Knowing this, one may feel a little uneasy to read the Daily Cal reporting today that this will be changing very, very soon:
Earlier this month, UC President Robert Dynes issued a clarification to UC policy on university property that will now allow nonpartisan student-government organizations access to residence halls and dining commons to pursue potential voters for registration.
The clarification will allow campus organizations such as the ASUC to pass out voter registration forms and encourage voting practices in campus residential areas without being subject to solicitation restrictions.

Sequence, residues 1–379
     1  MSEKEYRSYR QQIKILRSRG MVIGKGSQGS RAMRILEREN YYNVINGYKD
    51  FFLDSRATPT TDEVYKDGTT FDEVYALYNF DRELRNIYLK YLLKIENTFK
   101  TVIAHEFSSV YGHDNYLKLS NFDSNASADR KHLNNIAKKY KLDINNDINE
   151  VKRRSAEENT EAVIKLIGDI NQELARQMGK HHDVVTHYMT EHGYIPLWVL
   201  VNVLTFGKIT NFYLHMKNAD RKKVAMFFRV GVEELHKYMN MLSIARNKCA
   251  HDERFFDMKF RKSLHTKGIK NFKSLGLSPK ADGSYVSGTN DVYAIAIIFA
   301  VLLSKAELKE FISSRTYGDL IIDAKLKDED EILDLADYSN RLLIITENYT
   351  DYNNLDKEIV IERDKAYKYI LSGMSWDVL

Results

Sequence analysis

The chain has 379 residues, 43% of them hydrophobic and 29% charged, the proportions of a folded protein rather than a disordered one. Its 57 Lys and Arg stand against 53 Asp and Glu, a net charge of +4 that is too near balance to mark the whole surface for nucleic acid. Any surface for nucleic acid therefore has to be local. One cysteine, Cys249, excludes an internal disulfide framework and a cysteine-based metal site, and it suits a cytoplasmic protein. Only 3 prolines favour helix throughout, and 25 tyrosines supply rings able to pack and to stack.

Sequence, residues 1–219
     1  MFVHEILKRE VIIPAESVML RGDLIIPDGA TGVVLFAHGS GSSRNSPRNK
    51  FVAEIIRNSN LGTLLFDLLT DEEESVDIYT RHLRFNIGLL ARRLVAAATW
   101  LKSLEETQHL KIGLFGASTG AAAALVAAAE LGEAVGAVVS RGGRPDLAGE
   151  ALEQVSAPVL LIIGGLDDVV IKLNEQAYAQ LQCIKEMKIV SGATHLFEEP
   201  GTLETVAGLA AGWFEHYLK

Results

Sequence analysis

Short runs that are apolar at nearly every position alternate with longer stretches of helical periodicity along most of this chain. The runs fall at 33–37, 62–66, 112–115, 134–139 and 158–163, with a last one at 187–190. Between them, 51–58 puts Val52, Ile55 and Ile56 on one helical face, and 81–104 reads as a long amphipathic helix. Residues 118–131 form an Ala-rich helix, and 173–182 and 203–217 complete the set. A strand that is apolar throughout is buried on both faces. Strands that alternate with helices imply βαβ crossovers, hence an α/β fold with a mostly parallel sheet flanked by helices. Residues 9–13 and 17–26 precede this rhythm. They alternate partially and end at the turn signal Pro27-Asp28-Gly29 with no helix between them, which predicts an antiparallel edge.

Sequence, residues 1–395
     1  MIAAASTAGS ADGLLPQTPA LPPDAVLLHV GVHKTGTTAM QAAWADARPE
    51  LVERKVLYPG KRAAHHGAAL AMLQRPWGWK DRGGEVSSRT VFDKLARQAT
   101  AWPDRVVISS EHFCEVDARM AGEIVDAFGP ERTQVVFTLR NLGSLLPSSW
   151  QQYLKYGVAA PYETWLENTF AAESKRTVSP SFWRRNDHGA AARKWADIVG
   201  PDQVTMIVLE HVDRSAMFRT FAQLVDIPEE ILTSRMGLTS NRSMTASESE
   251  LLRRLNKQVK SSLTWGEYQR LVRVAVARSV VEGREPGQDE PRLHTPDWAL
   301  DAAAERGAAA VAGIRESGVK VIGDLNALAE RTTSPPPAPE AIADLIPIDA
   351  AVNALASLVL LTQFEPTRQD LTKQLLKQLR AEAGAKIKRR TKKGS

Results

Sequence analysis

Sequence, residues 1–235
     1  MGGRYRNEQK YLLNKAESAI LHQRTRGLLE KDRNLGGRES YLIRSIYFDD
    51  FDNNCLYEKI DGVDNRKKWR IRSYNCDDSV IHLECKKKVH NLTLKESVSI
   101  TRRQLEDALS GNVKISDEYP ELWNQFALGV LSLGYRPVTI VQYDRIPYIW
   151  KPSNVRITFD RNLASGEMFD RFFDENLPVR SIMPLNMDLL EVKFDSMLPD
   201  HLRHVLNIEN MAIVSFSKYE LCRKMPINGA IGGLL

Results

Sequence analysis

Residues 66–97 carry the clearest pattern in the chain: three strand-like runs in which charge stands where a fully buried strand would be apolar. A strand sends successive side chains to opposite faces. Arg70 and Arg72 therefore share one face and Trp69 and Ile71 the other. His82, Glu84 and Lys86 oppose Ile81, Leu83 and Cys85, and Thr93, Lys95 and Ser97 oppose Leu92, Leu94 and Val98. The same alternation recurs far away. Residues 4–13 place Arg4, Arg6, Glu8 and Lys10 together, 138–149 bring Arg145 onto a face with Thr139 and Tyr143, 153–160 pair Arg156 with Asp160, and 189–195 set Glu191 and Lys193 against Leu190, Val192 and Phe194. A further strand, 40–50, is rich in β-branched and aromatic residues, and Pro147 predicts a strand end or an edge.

Previously, policy regarding voter registration activities in areas that are not generally open to the public- such as dining commons and residence halls-was unclear, and campuses could have classified voter registration activities as a type of solicitation, said Valery Oehler, associate director for undergraduate and graduate campus life in the UC Office of the President.
This year, ASUC officials plan to take full advantage of the policy changes by working with and educating resident assistants in the UC Berkeley residence halls on how to register students, said sophomore Andy Kelley, director of campus mobilizing within the ASUC Office of External Affairs.
My stomach turns a little when I hear that the ASUC plans to "work with RAs", but I'll set aside my assumptions and watch how this voting season unfolds.